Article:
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The Navy is Born

Short bits of history you know and some you may not!

The US Navy as of its 1794 founding turns 227 this week! Based off its roots as the Continental Navy it turns 246!

  • OEF Losses: Wednesday, October 10, 2001 – The first US death during Operation Enduring Freedom. US Air Force Master Sergeant Evander Andrews would die in a forklift accident while constructing an airfield in Qatar. In total over 2,200 US Service Members died during the duration of Operation Enduring Freedom.
  • A First of Many: Thursday, October 11, 1951 – During the Korean War the USMC would officially put helicopters to the test. After many months of small scale lifts using transport helicopters to get troops to the front lines 3rd Battalion, 7th Marines would commence Operation Bumblebee. The plan was, for the first time ever, to move an entire Marine rifle battalion to the front lines during daylight hours. Marine leadership planned the lift like an amphibious landing and planned the load outs of helicopters in great detail. At 1000 a total of 12 Sikorsky H-19 Chickasaw helicopters would begin transporting 958 Marines and 11 tons of supplies. Each flight covered 15 miles to the objective, each helicopter flying in about 30 second intervals. The operation to get all the Marines to their landing zone would take just over 6 hours and a total of 156 individual flights. The operation was a complete success and paved the way for future operations where entire combat forces would be delivered to combat zones by helicopter.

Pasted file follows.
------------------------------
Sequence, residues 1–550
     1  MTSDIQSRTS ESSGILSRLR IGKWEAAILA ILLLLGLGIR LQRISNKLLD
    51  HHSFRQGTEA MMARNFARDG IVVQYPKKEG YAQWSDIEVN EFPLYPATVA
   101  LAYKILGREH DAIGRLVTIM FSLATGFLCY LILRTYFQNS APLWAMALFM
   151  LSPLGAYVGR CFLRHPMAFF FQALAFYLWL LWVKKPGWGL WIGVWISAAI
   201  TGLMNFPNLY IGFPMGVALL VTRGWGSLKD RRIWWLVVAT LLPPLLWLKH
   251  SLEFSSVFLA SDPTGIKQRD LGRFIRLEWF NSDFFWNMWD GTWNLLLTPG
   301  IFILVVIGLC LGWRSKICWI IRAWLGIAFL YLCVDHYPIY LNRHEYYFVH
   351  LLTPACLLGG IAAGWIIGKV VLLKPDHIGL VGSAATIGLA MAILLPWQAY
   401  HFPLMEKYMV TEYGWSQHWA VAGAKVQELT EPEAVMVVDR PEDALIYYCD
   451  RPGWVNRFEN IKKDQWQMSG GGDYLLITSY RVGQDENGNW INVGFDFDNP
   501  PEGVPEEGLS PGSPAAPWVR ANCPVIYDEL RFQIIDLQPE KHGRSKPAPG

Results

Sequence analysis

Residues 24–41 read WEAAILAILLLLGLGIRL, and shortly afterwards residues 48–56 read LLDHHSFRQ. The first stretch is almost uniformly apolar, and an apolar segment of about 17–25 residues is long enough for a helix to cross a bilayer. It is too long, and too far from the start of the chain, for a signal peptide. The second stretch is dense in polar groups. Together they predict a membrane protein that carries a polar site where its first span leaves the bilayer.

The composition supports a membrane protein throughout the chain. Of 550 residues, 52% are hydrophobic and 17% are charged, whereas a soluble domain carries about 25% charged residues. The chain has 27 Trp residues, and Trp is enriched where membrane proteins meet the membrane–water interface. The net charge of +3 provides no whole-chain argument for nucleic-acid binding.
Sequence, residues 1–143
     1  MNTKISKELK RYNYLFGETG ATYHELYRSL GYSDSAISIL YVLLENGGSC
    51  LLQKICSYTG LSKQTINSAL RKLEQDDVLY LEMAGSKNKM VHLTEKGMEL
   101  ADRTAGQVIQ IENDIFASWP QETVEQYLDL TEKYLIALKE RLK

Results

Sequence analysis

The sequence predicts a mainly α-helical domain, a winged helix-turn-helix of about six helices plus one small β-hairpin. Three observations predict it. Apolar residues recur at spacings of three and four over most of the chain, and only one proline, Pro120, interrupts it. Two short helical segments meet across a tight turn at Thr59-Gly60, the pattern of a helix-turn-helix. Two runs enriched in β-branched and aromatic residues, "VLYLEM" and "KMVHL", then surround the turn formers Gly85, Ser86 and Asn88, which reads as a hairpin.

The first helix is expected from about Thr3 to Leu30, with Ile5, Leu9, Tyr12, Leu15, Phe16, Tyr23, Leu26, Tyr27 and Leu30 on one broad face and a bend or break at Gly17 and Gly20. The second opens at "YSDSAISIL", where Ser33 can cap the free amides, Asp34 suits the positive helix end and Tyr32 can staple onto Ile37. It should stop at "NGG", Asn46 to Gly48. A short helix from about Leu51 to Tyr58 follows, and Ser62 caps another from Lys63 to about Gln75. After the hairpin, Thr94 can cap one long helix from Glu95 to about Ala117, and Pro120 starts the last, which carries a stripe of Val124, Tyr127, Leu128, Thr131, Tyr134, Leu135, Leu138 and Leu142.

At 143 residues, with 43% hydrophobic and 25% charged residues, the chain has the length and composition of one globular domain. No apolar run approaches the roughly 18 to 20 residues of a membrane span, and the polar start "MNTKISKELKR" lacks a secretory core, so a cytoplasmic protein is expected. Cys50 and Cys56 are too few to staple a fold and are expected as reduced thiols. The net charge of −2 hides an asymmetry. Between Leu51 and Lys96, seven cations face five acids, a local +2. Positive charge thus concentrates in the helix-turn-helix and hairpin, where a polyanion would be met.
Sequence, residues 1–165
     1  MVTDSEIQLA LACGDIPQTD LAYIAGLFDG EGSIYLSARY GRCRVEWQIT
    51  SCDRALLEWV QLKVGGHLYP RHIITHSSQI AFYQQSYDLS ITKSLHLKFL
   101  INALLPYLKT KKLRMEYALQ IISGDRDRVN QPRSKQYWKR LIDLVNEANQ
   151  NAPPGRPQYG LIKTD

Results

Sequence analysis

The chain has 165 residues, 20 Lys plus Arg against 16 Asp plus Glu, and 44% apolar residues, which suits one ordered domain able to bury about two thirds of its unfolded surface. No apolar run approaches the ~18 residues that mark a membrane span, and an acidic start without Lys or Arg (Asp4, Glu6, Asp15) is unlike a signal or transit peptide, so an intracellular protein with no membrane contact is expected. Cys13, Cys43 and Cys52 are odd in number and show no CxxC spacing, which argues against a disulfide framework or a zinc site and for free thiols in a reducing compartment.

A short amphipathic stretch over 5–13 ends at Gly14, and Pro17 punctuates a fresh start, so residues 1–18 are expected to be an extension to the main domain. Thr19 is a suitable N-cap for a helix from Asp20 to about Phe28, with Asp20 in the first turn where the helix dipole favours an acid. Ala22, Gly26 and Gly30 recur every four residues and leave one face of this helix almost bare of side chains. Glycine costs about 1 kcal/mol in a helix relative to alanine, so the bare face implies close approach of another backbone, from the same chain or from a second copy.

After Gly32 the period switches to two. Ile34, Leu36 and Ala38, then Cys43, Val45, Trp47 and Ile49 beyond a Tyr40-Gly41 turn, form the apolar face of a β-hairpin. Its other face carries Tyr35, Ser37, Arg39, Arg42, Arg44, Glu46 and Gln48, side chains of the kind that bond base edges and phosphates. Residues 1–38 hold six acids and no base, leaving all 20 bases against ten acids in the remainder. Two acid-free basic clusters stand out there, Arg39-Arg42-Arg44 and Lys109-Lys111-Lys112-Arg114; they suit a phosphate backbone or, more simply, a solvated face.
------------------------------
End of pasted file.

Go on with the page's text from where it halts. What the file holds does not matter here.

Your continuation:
• The Navy is Born: Friday, October 13, 1775 – On this day the Continental Congress authorized the purchase of two vessels to be armed for a cruise against British merchantmen. With this action the Continental Navy, later the US Navy, was officially born. Initially the Continental Navy achieved mixed results. There were a number of significant engagements against British warships and merchantmen, but to the loss of some 24 Continental ships. At one point the Continental Navy was reduced to only two active ships due to losses. At the end of the Revolutionary War Congress would sell the Alliance, the only remaining ship of the Continental Navy due to lack of funds needed to keep the Navy maintained and supported. For nearly a decade the US would not have a navy, with the predecessor to the Coast Guard, the U.S. Revenue Marine providing the sole maritime force for the US. The Naval Act of 1794 would officially bring the US Navy into existence, with six frigates being ordered by Congress to form a standing Navy. Currently the US Navy is made of of nearly 337,000 active personnel, and over 400 total ships between the active and reserve fleet.

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